Canola (or spring rape, currently being field-tested in Britain), meanwhile, has been genetically-engineered to produce oils which would replace the use of coconut and palm oils. If the technology works, export earnings of countries such as the Philippines, the world's largest exporter of coconut oil, will be reduced. Coconut oil provides seven per cent of the Philippine's total export income and direct or indirect employment for 21 million people, about 30 per cent of the country's population.19 An estimated 10 million people in Kerala, India, who rely directly and indirectly on coconuts are also at risk from the new technology.20
The chocolate market is also vulnerable to the development of genetically-engineered cocoa butter substitutes, potentially displacing millions of small-scale producers in West Africa.21
Although some of these cash crop producers will be able to switch to growing other crops, many will not -- either because they lack the money to buy the equipment needed to diversify or because they are unable to service the loans they have incurred in growing the cash crops and must therefore forfeit their land. Still others -- landless labourers on commercial farms, for example -- are likely to find themselves without work. With their income from export earnings slashed, few Southern countries will be in a position to compensate such workers and farmers.22 They will be left to fend for themselves: many are likely to become malnourished for lack of cash to buy food.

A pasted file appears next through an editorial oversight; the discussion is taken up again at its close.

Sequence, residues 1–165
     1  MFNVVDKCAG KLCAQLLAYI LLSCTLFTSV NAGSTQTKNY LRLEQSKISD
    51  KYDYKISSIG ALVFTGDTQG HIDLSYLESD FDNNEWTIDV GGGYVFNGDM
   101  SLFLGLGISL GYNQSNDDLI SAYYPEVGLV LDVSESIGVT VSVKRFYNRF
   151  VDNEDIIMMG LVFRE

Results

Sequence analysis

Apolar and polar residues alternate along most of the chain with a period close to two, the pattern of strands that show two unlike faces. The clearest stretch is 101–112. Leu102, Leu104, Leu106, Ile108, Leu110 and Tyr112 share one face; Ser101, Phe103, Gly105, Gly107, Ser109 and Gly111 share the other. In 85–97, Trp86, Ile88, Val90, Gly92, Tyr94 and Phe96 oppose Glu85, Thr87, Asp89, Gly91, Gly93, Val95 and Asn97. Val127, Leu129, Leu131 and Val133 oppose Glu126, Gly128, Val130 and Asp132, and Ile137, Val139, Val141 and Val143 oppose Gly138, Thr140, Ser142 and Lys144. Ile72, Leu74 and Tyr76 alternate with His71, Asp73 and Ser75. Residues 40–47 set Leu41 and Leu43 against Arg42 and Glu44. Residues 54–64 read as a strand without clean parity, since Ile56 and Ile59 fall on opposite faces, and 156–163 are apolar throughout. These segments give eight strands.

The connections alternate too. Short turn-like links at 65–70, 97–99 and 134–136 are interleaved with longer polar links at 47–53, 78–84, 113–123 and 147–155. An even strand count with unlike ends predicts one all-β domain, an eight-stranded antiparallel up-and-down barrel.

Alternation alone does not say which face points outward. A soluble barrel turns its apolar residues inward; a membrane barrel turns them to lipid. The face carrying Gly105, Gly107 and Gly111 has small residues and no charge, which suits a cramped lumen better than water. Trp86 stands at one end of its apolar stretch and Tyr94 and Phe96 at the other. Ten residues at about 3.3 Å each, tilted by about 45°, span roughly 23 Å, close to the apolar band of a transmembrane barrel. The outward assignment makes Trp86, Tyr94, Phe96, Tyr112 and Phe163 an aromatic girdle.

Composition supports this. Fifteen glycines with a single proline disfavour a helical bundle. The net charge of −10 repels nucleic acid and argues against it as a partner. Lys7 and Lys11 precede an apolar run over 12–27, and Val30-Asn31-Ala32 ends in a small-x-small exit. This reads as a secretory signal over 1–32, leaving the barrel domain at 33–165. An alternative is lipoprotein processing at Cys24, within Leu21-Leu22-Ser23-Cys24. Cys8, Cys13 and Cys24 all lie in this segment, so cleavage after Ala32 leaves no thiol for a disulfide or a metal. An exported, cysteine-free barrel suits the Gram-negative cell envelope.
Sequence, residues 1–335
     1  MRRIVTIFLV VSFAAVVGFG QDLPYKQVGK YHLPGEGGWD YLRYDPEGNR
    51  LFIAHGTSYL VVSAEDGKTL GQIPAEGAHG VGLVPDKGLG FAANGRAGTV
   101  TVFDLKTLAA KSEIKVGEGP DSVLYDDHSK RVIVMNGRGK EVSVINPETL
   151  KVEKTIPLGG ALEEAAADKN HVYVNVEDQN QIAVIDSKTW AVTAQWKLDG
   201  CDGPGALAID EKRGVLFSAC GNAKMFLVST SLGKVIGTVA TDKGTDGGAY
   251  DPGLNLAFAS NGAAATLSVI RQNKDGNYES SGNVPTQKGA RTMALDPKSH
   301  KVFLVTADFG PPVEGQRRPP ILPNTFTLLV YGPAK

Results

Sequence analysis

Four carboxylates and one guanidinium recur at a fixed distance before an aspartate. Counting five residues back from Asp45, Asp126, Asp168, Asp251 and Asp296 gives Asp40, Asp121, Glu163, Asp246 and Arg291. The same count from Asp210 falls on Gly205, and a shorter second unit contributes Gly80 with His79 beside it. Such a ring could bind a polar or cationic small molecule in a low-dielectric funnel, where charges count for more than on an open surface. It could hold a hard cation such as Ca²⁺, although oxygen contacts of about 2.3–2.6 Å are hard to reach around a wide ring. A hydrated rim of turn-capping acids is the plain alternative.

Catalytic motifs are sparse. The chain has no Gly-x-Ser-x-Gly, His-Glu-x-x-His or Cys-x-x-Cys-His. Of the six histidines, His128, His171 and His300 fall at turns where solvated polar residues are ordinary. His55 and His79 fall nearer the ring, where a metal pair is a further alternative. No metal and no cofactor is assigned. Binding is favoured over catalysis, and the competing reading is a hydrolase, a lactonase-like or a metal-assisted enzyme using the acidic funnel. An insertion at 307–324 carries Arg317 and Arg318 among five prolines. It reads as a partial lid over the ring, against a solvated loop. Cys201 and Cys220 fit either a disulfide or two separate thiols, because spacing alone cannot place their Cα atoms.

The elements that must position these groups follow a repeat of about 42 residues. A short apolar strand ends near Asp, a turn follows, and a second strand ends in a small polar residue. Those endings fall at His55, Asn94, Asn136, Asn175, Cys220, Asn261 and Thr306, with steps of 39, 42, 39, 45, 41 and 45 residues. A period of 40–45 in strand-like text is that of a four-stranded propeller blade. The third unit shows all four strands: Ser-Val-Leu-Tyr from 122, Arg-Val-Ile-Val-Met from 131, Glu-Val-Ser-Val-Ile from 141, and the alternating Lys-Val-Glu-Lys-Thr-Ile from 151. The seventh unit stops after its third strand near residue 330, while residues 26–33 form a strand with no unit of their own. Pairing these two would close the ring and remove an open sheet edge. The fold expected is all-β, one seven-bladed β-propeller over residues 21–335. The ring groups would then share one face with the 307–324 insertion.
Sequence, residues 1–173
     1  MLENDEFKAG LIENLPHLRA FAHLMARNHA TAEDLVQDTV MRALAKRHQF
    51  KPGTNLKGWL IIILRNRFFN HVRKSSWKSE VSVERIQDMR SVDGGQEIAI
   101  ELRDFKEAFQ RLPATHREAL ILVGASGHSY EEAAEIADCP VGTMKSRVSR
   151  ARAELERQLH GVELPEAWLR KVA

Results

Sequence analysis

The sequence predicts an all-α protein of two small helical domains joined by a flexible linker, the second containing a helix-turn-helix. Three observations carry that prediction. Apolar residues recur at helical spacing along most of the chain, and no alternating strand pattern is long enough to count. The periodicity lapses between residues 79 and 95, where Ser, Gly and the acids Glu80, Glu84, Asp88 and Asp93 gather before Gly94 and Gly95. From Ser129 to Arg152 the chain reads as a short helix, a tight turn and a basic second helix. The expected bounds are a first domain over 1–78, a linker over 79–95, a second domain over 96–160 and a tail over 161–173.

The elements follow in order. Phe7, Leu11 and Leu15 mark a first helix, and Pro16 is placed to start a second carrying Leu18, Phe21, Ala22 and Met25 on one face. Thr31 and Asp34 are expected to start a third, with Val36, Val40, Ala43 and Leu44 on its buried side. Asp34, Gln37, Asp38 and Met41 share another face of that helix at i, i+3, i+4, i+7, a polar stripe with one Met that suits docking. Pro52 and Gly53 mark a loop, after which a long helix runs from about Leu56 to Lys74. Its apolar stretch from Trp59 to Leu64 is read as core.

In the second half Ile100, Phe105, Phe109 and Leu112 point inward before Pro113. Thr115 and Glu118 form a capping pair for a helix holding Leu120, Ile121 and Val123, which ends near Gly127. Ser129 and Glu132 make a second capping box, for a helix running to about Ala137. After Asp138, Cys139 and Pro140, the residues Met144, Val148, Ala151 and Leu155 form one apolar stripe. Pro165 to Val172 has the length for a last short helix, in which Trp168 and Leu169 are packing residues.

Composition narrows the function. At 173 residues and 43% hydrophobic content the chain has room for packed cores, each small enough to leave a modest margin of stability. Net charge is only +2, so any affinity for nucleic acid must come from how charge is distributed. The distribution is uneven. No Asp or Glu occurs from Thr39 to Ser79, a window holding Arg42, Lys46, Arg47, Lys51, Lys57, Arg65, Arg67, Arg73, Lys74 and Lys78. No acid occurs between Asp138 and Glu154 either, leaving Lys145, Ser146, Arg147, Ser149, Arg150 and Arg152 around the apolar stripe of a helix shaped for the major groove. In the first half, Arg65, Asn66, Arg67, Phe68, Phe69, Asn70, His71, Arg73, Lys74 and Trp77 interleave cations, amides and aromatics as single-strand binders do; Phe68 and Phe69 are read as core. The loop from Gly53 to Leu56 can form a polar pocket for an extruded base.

It is not surprising that some commentators warn that using genetic engineering to create substitutes for tropical cash crops will "destroy the livelihoods of the rural poor and aggravate conditions of poverty and hunger".23
A further threat posed by genetically-engineered crops to the livelihoods of small farmers, not only in the South but also in the North, comes from attempts by the industry to deny farmers' their ancient right to save and exchange seeds from previous harvests and to force them to buy their seeds every year at a price determined by seed companies.
Over the last 30 years, commercially-bred hybrid seeds (which farmers buy from seed merchants) have become increasingly common. In the North, almost all farmers use them, even organic farmers. In the South, although non-hybrid crops are commonly used by smallholders for growing vegetables and staple foods (such as cassava, sorghum and millet), hybrid seeds have become the norm for many grain crops (although small grain cereals, such as rice, wheat, barley, oats and rye, have defied commercial hybridisation).